J. L. BELL is a Massachusetts writer who specializes in (among other things) the start of the American Revolution in and around Boston. He is particularly interested in the experiences of children in 1765-75. He has published scholarly papers and popular articles for both children and adults. He was consultant for an episode of History Detectives, and contributed to a display at Minute Man National Historic Park.

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Monday, September 14, 2009

A Republican (with a small r) Picture Book

Tricking the Tallyman: The Great Census Shenanigans of 1790 is another recent picture book on how Americans set up the early republic. It was written by Jacqueline Davies of Needham, and illustrated by S. D. Schindler of some far-off city called Philadelphia.

Jackie’s a friend, and I saw the manuscript for this book in a writing group some years ago, so I can’t claim this is an unbiased review. But I liked how Tricking the Tallyman gets to the core of what it means to live in a democracy: the balance of rights and responsibilities.

The story begins as census-taker Phineas Bump rides into the town of Tunbridge. Back in that writing group, I suggested that the story would be more dramatic if we saw the action unfold only through the townspeople’s eyes, with the government agent as an antagonistic stranger we only gradually come to understand. “Remember, he’s The Man!” I said, and Jackie correctly deduced that I’d recently watched Jack Black in School of Rock.

Jackie stuck with her initial approach of introducing us to Phineas Bump first, and eliciting sympathy for him: “he was heartsick, saddle-sore, and down on his luck.” Only after a couple of pages do we meet the Pepper family, who help to simplify the story by speaking for all their neighbors.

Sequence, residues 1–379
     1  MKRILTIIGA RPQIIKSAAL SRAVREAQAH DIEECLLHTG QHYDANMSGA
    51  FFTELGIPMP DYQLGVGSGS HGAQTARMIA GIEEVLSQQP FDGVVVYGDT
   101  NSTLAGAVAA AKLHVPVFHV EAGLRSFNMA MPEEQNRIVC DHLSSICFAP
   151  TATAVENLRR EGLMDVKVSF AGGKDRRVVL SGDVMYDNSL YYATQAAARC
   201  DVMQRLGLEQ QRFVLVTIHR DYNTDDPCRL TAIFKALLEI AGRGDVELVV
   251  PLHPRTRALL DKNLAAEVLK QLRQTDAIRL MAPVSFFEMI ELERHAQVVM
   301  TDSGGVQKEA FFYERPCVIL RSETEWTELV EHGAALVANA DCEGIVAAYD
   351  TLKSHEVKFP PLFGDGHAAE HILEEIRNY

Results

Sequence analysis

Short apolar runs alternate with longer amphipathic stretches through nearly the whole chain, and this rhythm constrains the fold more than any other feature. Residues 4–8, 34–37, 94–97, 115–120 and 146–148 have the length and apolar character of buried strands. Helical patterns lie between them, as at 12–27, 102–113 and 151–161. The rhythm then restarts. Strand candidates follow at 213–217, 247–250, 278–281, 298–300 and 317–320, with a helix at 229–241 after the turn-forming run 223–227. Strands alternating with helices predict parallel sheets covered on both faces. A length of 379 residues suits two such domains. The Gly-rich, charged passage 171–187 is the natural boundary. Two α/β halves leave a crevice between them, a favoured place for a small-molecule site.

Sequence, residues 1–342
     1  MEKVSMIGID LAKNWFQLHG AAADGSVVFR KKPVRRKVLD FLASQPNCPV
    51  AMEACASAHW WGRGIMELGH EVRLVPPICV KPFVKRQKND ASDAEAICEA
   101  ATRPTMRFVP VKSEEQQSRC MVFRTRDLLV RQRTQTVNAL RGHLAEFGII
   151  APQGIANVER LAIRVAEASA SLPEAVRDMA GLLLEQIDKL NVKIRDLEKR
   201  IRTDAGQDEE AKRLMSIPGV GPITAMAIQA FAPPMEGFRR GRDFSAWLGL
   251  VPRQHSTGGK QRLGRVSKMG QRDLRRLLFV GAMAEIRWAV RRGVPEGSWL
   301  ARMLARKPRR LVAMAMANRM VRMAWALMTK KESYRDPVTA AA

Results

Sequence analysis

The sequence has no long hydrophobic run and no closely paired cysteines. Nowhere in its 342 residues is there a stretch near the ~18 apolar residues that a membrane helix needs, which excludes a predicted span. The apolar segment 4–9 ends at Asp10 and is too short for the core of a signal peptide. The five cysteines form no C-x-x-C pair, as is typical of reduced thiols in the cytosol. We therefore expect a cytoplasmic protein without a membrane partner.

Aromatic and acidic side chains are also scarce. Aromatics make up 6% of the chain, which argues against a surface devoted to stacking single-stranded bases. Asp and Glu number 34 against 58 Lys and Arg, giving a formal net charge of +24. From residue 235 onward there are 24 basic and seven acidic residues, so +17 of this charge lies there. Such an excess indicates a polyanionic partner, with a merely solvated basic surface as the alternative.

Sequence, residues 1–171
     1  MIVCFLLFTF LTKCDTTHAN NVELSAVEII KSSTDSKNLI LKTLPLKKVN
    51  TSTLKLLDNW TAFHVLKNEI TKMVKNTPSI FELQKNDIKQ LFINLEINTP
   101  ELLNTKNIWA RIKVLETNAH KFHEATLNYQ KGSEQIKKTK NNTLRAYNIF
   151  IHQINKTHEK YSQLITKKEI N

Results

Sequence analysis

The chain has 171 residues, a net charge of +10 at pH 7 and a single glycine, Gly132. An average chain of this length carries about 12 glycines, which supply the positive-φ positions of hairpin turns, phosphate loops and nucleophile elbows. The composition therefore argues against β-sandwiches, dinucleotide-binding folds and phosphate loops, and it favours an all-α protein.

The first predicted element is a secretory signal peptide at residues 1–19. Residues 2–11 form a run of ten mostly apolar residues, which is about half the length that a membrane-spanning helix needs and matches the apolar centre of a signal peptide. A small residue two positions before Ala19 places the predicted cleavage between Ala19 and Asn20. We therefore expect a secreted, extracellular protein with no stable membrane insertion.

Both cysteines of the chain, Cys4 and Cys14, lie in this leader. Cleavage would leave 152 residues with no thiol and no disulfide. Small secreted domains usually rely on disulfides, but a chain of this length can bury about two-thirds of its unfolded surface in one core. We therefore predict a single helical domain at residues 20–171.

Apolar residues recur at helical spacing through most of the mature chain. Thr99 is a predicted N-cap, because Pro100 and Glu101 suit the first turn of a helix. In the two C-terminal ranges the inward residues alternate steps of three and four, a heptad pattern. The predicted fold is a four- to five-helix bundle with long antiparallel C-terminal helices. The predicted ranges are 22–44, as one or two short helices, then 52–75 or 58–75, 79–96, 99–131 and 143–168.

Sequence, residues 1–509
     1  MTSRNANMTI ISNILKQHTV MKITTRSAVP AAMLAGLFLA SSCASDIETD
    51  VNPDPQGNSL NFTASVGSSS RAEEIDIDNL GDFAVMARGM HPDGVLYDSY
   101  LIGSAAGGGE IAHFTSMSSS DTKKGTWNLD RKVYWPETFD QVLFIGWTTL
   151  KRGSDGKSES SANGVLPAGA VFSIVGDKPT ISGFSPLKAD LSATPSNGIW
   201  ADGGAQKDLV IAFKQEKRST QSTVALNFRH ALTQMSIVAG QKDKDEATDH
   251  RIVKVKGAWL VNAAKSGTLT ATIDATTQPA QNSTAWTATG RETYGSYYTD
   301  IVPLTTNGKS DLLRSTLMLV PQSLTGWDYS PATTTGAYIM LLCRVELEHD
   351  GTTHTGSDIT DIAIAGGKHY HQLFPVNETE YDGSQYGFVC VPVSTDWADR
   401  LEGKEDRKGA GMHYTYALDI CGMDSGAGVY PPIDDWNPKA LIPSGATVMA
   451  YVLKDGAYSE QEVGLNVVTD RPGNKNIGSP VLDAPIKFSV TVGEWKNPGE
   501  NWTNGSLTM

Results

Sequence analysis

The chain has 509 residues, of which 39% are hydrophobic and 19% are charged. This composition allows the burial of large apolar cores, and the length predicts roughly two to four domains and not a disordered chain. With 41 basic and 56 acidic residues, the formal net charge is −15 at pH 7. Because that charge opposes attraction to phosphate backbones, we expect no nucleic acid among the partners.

The Tunbridge townsfolk suspect Bump has come to take down names for the tax and conscription rolls. Everybody hides except for Mrs. Pepper, who assures the census-taker that she’s a childless widow and the town’s only inhabitant. Bump notes this information skeptically and rides off.

Then the Peppers hear a different rumor: the tallyman has come to count people for their representation in the new Congress. So the more people live in town, the more political clout the region will command. Mrs. Pepper cajoles Bump to return for a new count. And this time all the locals come out to be counted, bringing their dogs, sheep, and pigs dressed up as citizens. (Jackie told me that Cecile Goyette, her editor at Knopf, was eager to make the book as wacky as possible.) Again, Bump does a skeptical count and rides off.

And then the townsfolk realize that their tax bills and their political clout are linked. They can’t have one without the other. Will they be able to bring the tallyman back for a fair count? This being a children’s book, it’s up to one of the town’s younger citizens to find the solution.

S. D. Schindler’s pictures come in an attractive style between realistic and cartoon-style. Tunbridge probably looks more primitive than even a small, remote farming town in 1790 would have looked—no one there seems to have any house paint. I count three bearded men, which is three more than would likely be found in such a town in 1790. The women wear their hair loose under caps while portraits from the decade show that most pinned their hair back, with perhaps a lock or two draped across the shoulder. Nonetheless, I give Schindler points for definitely trying to depict the early republic and not some vague image of “historical.”

Were there really “Great Census Shenanigans” in 1790? American householders were used to being counted by local officials for their taxes and their militia service; I’ve cited the 1765 census of Massachusetts a few times. But the idea of enumerating all citizens to figure out fair representation was indeed fairly new.

TOMORROW: How Massachusetts’s eighteenth-century constitutions determined representation.

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